Quicksand (1950) (1950) - Rotten Tomatoes

Quicksand (1950)1950

Quicksand (1950) (1950)





Critic Consensus: No consensus yet.

Quicksand (1950) Photos

Movie Info

Mickey Rooney, with his kid roles and musicals behind him, went for a major change of image in this harrowing film noir. He gives what many consider to be the best performance of his career as Danny Brady, a well-meaning grease monkey whose life is destroyed in less than a week. Danny finds himself short of cash when he's supposed to take out Vera (Jeanne Cagney), a waitress whom he's just met who works at a hash-house. He borrows 20 dollars from the cash register, planning on paying it back with 20 dollars that a buddy owes him the next day, but the friend doesn't turn up. To get the 20 dollars, he buys a 100-dollar watch on a payment plan and then hocks it for the 20 dollars, but a detective picks up on the purchase and threatens to have him jailed if he doesn't pay the full 100 dollars immediately; desperate to raise the money, he robs a drunken bar patron of his bill-fold. His money problems seemingly behind him, Danny takes Vera out with the extra cash, but gets into a fight with her former boss, Nick (Peter Lorre), who picks up a clue that Danny did the robbery. Nick pressures Danny to provide him with a new car (a hard-to-get commodity in 1950) from the garage where he works, in return for keeping quiet. Danny steals the car and turns it over to Nick, but he and Vera decide to get even by robbing Nick's safe that night -- now they've got 3,600 dollars, which they split. But Danny's boss, Mackey, tells him he knows who stole the car, and wants either the car back or the full value, or he'll turn Danny in to the police. Vera has already blown her share on a mink coat, and he goes back to Mackey with what he has, 1,800 dollars. Mackey takes it and proceeds to call the police. Danny attacks him and leaves him for dead. Danny goes on the run, convinced he's wanted for Mackey's murder. Danny runs into Helen (Barbara Bates), a nice girl that he was dating and then dumped, and they end up fleeing together, hijacking a car and holding an innocent man at gunpoint. Impending tragedy seems to loom up even larger when they cross paths with police officers on a manhunt. Realizing that Helen has been good to him, he ends up on the run alone, with a gun in hand, as the law closes in. ~ Bruce Eder, Rovi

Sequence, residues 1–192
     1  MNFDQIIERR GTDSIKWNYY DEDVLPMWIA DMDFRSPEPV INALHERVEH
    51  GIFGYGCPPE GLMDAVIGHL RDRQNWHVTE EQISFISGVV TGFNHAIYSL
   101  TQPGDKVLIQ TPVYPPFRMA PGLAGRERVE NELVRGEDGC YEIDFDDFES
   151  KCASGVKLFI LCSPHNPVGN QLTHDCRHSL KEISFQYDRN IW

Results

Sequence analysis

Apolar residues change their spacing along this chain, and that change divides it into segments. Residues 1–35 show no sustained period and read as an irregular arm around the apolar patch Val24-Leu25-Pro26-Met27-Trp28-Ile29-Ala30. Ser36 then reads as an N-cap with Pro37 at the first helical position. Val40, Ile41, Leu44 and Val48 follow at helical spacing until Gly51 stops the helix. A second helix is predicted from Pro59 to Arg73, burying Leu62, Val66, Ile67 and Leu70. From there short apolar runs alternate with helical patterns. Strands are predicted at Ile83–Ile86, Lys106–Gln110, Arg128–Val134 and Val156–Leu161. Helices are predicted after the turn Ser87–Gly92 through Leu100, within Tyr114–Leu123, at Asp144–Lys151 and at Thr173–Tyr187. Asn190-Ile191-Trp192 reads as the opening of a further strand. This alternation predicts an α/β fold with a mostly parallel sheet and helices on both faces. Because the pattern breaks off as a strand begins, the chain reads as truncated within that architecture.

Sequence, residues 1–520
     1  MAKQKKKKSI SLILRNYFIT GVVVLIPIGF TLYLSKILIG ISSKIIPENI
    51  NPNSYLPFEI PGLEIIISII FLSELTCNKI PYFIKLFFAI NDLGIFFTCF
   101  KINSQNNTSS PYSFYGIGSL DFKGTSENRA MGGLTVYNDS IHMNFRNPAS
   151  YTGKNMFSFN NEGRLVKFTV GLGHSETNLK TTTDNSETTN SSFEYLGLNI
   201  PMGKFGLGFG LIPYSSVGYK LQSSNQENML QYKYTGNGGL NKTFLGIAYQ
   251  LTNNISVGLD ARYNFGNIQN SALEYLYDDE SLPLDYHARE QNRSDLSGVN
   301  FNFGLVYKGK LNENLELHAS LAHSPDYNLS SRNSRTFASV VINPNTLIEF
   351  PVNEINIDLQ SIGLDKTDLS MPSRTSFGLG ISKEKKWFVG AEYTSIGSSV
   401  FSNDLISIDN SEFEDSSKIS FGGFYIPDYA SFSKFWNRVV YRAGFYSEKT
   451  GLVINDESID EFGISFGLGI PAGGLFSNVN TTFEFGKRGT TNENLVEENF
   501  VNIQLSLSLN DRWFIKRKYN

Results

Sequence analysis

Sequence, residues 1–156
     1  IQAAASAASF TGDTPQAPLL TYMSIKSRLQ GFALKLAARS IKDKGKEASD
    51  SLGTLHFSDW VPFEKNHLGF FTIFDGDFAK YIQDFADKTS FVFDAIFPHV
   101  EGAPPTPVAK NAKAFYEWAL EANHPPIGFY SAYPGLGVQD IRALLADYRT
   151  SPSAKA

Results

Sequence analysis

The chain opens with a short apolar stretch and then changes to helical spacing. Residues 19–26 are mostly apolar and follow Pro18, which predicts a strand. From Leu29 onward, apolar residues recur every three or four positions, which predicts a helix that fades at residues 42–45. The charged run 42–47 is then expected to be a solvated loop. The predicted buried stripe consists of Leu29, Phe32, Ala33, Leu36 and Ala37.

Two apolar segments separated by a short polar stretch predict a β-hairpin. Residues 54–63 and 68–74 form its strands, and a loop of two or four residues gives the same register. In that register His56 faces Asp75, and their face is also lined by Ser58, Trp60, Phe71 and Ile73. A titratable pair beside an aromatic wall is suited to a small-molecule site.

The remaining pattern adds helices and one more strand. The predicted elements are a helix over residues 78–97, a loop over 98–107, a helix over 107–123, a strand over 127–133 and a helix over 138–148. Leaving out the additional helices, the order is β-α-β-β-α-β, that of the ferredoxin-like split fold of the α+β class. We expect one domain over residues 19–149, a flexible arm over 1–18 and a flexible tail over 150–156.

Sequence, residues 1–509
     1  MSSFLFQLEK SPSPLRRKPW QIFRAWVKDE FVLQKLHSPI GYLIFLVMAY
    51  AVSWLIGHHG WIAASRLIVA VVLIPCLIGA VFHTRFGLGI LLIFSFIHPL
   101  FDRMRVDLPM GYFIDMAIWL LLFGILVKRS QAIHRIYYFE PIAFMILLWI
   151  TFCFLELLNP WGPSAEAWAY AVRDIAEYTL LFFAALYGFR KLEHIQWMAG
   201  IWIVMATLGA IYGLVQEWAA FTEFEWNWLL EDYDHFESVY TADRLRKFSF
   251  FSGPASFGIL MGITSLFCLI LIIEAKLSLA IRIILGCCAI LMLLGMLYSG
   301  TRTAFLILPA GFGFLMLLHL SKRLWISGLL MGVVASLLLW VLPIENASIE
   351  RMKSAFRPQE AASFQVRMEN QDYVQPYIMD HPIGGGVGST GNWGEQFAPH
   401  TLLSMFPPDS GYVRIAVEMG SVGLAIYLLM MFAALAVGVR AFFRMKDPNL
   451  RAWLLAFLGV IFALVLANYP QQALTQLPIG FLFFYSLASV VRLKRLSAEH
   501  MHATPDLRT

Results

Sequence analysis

Mickey Rooney
as Daniel 'Dan' Brady
Peter Lorre
as Nick Dramoshag
Jeanne Cagney
as Vera Novak
Barbara Bates
as Helen Calder
Art Smith
as Mackey, garage owner
John Gallaudet
as Moriarity
Richard Lane
as Lt. Nelson
Kitty O'Neil
as Madame Zaronga
Frank Marlowe
as Watchman
Alvin Hammer
as Auditor
Ray Teal
as Motorcycle Officer
View All

Critic Reviews for Quicksand (1950)

All Critics (3)

The main reason it's worth watching is to catch a sleazy Peter Lorre in action.

November 13, 2009 | Rating: B | Full Review…

Audience Reviews for Quicksand (1950)


Mickey Rooney is pretty good (providing one can divorce oneself from his better known persona as a Disney tour guide cliché) as a chump whose one baby mistake snowballs into a swamp of troubles. Peter Lorre is also good as a carnival owner who's looked at one too many tough guys and still is not impressed. They both put their own money into this decent noir about the predictable payoff for cutting corners in life. Barbara Bates brings home the bacon too as the girl-gone-wrong.

Kevin M. Williams
Kevin M. Williams

Super Reviewer


the only mickey rooney movie i like and the only movie i didn't find him abrasive in. as a matter of fact, he could be quite talented, considering also his performance in one episode of twilight zone.

Veronique Kwak
Veronique Kwak

Super Reviewer

Quicksand is a classic example of what I like to call a Damn Shame. It has great direction, great photography and a great supporting cast. But sticking Mickey Rooney as the lead in what had all the possibilities to be considered one of the great examples of film noir is like sticking a moose-hunting rookie governor made out of turkey giblets in your VP spot for your presidential run. Easily one of the biggest casting mistakes you've never heard of. Not bad to check out if you can get past the war crime casting but Rooney was just to weird, annoying and above all, unbelievable. But the scene where Rooney fights Peter Lorre was damn funny. It was like watching two trannies fight.

Michael Gildea
Michael Gildea

Super Reviewer

Quicksand (1950) Quotes

News & Features